Another week begins and it’s time for #HistoryMonday again. That of course means I choose a historical event that occurred on this day and offer my thoughts about that event. Today provides an opportunity for a double-header both dealing with outer space.
On this day in 1967, the AS-204 command module catches on fire at the launch pad while program tests were being conducted at Cape Canaveral, Florida. The fire resulted in deaths of astronauts Virgil “Gus” Grissom, Edward H. White II, and Roger B. Chafee. Investigators believed a faulty wire sparked in the oxygen-rich environment of the
Astronauts Grissom and White had already flown space missions during Project Gemini, while Chaffee was expecting to make his first spaceflight with the launch of the AS-204 spacecraft. North American Aviation was responsible for the construction of the spacecraft. Shortly before the spacecraft was delivered to Florida, the crew expressed concern of the plentiful use of flammables such as nylon netting and Velcro that were usually used to secure tools and equipment. Skepticism about the timeline of the program led the crew to jokingly remind the construction manager for the spacecraft that maybe divine intervention was necessary.
Also happening subsequently around locations in London, Moscow, and Washington D.C. the Treaty on Principles Governing the Activities of States in the Exploration and Use of Outer Space, including the Moon and Other Celestial Bodies (Outer Space Treaty) is signed by a plethora of UN members. The Outer Space Treaty provides the framework for international space law. Signatories to the treaty agreed that weaponizing space is not permissible according to the terms of the contract. By signing this contract and including the moon as safe zone from weaponization, the three major nations of the United States, United Kingdom, and the United Soviet Socialist Republics foresaw that reaching the moon by space travel would be soon accomplished.
Shortly after the AS-204 failure, an investigation was launched by NASA pursuant to their established procedures after the Gemini 8 failure. The investigation determined that a pure oxygen atmosphere, flammable materials, faulty wiring, and restrictive hatch design ultimately contribute to a perfect storm of issues leading to the disaster. Congressional investigations were also launched which included reports from a previous investigation into construction delays and costs of the spacecraft. Based on the investigation of the failures, insulated wiring, fireproof coating of the nylon netting, a 60/40 mix of oxygen to nitrogen under pressure, and an outward opening hatch were to be installed on the next spacecrafts.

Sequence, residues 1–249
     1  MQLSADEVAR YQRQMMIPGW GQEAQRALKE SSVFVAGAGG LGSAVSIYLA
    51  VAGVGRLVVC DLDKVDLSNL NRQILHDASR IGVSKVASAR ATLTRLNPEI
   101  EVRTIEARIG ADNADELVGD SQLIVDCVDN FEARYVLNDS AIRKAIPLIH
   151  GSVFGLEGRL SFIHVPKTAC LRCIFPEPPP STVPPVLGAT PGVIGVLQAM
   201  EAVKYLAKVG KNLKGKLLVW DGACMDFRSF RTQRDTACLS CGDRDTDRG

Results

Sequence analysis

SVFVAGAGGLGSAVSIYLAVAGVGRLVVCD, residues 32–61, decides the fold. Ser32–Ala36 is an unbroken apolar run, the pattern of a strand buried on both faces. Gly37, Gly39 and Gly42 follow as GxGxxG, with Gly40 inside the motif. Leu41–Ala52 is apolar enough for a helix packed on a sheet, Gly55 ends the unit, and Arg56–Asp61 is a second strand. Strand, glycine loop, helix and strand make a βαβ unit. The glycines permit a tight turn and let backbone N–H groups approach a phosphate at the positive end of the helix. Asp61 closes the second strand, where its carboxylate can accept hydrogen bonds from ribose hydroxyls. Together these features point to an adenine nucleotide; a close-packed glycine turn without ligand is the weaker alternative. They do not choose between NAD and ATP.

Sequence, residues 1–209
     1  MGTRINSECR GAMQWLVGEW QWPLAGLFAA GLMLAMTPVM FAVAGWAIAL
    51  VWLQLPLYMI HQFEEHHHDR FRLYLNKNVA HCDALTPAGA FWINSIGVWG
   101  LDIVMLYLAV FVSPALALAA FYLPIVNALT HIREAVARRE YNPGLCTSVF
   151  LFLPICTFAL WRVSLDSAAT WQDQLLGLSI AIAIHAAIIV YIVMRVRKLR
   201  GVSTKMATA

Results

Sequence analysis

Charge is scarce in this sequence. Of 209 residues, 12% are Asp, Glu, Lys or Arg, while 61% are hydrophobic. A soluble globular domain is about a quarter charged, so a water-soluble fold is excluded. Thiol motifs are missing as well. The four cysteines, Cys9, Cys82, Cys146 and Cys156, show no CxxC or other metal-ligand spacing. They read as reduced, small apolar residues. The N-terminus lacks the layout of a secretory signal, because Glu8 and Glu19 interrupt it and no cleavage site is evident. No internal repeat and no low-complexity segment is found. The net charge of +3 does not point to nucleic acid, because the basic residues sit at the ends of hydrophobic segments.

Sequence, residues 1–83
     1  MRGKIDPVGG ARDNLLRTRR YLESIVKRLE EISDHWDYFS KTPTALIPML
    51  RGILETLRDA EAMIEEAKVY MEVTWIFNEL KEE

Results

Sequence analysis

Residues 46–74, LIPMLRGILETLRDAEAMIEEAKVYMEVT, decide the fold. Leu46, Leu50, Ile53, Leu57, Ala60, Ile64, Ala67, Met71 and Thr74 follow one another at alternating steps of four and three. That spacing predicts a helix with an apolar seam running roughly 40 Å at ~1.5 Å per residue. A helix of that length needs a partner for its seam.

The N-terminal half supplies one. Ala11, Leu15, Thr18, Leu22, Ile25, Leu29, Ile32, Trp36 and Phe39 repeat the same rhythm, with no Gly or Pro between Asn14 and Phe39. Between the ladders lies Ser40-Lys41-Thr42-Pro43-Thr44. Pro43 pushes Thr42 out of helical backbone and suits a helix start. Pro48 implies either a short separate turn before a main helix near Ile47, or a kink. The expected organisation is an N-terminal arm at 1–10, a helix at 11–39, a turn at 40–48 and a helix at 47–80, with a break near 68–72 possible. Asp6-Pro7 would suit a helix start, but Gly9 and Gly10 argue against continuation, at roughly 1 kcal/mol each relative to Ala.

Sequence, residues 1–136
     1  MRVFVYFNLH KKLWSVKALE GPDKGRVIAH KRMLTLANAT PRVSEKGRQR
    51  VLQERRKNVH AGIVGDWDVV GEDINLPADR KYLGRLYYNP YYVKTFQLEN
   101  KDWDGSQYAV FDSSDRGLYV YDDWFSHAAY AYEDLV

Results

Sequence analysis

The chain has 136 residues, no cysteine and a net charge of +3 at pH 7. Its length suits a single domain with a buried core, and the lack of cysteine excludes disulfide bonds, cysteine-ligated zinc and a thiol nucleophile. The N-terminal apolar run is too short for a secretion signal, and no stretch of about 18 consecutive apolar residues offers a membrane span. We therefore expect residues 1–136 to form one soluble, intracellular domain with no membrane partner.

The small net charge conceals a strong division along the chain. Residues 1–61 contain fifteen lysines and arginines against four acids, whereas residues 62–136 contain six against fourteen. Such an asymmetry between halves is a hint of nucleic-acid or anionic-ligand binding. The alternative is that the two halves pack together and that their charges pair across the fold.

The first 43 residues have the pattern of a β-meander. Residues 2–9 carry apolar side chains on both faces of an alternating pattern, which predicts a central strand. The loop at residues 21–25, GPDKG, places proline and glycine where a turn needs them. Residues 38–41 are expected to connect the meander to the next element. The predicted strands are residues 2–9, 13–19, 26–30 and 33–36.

The widows of the astronauts asked NASA to officially designate the mission Apollo 1 which the crew had hoped to name the mission before their untimely deaths. NASA complied with this request in honor of the crew’s wishes. Although, three unmanned missions had launched before the new Apollo 1 mission they were left nameless. Of these three flights, only 2 included spacecraft and were connected to the new number sequencing. This resulted in Apollo 4 being the next launch while Apollo 2 & 3 were left unused. The mission and the crew have been memorialized in various locations around the U.S. Of course, as a Hoosier, I’ve visited Gus Grissom’s hometown Mitchell many times and seen a memorial dedicated to his memory in Spring Mill State Park. Grissom’s work at NASA likely inspired a handful of others in Lawrence County, Indiana to become astronauts as well.
The Outer Space Treaty would eventually go into effect on 10 October 1967. It has since been signed by 109 signatories the last being France in September of 1967. Many others have deposited their accession to the treaty at one of the three locations even as recently as February of last year. Follow-up agreements include: The Rescue Agreement of 1968, The Space Liability Convention of 1972, and The Registration Convention of 1976. These treaties are coordinated by the United Nations Committee on the Peaceful Uses of Outer Space (COPUOS) to answer relevant questions of space jurisdiction. It’s worth noting these treaties are only agreed upon by Earth parties and it isn’t known whether extraterrestrial parties will sign these treaties. More likely, the United Federation of Planets will combine elements of these treaties with treaties from other planets in order to form their government and law into founding documents next century sometime in 2161.
What do you remember about Gus Grissom and the other astronauts on Apollo 1?